Tuesday, October 27, 2015


Last week, The National ran an article on archaeological work at Buraimi in Oman, which is believed to be the site of medieval Islamic Tuw'am:
For Power the site is important not just because it is at risk, but also because he believes it sheds light on a period when a local, and now largely overlooked, Wajihid dynasty held sway over a vast territory that extended from the Arabian Gulf to Yemen and all the way to Multan, in modern day Pakistan...
"It’s when the Abbasids established Baghdad as a crucible of Islamic civilisation and created new forms of material culture that were exported across the Indian Ocean and beyond – and that’s what we have here in Buraimi."
One of the main questions for Power and his collaborators on the project, such as Nasser Al Jahwari of Sultan Qaboos University, is to establish the age and size of the site.
“A mosque and a falaj and a cluster of quite large and well-built houses, a reasonable ninth or 10th century village, was found on the site of the new Sheikh Khalifa Mosque in Al Ain by Dr Walid Al Tikriti, and our site lies directly to the east of that.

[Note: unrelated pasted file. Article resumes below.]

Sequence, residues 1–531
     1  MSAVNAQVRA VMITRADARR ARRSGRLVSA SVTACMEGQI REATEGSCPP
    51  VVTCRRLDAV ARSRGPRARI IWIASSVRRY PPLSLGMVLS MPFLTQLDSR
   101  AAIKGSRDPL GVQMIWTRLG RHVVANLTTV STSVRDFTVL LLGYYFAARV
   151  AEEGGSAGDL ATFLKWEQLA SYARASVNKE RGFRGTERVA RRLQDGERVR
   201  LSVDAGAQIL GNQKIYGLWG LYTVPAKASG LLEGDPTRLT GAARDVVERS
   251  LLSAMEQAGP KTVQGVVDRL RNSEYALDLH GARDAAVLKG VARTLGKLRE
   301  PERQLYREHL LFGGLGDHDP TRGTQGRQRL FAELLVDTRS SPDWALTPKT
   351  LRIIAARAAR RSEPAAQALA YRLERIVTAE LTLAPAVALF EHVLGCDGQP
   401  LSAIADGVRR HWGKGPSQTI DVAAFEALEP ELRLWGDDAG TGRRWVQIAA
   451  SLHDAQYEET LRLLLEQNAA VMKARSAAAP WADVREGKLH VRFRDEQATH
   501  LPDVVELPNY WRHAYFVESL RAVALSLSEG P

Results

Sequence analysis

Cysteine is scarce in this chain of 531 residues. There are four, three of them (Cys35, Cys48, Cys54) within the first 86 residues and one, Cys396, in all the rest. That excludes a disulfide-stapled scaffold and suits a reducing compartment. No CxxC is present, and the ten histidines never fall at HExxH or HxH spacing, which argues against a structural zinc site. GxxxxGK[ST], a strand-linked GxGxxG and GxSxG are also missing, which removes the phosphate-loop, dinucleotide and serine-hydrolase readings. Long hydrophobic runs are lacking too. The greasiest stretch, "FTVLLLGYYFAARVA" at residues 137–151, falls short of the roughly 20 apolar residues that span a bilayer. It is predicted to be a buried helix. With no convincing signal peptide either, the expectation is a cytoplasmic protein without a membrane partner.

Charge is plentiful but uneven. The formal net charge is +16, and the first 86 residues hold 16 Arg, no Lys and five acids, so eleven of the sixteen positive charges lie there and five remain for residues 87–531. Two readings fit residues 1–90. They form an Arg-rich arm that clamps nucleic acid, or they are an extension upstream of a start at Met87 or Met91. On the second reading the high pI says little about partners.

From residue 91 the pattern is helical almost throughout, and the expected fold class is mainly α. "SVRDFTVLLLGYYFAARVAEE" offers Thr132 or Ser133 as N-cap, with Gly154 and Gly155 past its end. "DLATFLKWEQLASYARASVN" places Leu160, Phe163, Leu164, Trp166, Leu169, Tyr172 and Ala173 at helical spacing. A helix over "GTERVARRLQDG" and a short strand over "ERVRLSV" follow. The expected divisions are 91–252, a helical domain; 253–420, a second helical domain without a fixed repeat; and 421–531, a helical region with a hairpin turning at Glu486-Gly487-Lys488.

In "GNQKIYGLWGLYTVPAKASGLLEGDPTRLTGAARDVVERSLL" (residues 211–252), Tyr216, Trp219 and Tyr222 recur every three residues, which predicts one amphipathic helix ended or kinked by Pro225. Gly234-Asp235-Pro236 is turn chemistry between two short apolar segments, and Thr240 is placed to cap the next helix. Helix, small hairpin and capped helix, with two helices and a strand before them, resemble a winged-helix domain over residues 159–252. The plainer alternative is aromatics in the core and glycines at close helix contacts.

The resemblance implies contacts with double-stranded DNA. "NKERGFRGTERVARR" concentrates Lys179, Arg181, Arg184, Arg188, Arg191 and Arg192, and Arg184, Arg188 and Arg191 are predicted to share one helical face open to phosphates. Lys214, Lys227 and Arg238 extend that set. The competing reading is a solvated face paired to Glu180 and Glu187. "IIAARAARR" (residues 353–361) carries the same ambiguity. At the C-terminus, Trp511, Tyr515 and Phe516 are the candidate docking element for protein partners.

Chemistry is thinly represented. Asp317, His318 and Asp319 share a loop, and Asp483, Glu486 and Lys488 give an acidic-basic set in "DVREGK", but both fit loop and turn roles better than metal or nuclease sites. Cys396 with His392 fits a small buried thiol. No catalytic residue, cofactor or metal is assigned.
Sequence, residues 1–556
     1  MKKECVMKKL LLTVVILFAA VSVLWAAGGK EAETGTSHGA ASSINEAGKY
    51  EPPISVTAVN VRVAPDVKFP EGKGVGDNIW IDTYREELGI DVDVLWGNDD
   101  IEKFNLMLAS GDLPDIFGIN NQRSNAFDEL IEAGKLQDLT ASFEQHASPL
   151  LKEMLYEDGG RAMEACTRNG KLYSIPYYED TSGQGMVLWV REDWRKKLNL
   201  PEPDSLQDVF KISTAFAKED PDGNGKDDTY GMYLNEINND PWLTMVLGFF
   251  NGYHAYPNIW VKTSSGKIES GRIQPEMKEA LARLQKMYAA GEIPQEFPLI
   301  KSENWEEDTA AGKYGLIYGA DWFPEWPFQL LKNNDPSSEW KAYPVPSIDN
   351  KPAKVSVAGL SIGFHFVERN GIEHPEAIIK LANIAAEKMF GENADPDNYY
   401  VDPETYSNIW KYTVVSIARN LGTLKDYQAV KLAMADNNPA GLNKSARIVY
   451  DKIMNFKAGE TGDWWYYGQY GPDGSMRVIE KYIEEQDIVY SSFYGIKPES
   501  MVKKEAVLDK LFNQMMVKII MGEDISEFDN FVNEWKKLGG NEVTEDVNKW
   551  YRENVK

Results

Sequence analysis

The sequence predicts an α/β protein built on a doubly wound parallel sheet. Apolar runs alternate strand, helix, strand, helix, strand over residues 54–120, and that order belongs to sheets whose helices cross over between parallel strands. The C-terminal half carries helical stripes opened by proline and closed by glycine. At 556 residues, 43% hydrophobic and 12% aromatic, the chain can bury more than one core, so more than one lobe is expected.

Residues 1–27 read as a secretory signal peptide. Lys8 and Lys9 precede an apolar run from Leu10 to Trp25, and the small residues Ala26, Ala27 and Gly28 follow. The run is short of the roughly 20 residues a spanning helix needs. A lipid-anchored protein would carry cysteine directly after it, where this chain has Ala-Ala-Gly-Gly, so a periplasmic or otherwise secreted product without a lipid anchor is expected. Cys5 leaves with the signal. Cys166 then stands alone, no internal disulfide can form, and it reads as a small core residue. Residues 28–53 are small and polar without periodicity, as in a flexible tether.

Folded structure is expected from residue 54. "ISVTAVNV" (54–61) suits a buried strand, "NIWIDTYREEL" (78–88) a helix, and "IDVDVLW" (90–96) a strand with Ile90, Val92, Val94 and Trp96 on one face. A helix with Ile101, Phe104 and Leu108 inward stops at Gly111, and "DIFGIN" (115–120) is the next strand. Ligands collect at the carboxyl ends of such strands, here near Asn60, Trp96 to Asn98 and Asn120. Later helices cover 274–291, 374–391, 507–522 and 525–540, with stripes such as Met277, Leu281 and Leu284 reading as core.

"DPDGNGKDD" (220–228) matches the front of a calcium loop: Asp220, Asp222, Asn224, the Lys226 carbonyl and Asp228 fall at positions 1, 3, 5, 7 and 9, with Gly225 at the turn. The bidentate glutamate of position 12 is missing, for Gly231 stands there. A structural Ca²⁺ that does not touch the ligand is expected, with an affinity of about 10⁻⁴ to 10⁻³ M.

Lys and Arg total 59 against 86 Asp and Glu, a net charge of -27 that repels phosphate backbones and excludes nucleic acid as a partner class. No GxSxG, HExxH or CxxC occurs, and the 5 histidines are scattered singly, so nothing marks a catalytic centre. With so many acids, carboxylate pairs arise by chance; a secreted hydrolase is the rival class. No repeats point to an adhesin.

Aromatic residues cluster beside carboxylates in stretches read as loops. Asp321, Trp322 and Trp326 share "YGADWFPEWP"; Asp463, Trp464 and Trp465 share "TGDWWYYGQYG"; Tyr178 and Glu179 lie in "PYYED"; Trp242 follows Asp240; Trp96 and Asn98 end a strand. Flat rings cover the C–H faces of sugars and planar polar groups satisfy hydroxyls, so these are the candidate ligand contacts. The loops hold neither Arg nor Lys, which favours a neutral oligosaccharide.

“There is the possibility that they are a part of the same settlement. The question is whether this is a low-density settlement spread out over a large area with lots of little discrete villages and hamlets or a single settlement that’s quite densely built up all the way through.”
Power also notes the significance of Tuw'am (or Tawam) going back to pre-Islamic times, and says that the identification of Tuw'am with the al-Ain/Buraimi oasis cluster is conjecture.  I admit I am guilty of assuming it was more than that.  Power's study of the primary sources has led him to believe that it was actually a regional term extending all the way to the sea, with a specific settlement by that name within it.  This is a well-known pattern in Gulf history, seen in the components of the UAE in modern times and also in Kazima, the medieval Persian of Kuwait which I have been involved in researching.

The article, though, is unusually well-done for media reporting on historical scholarship.

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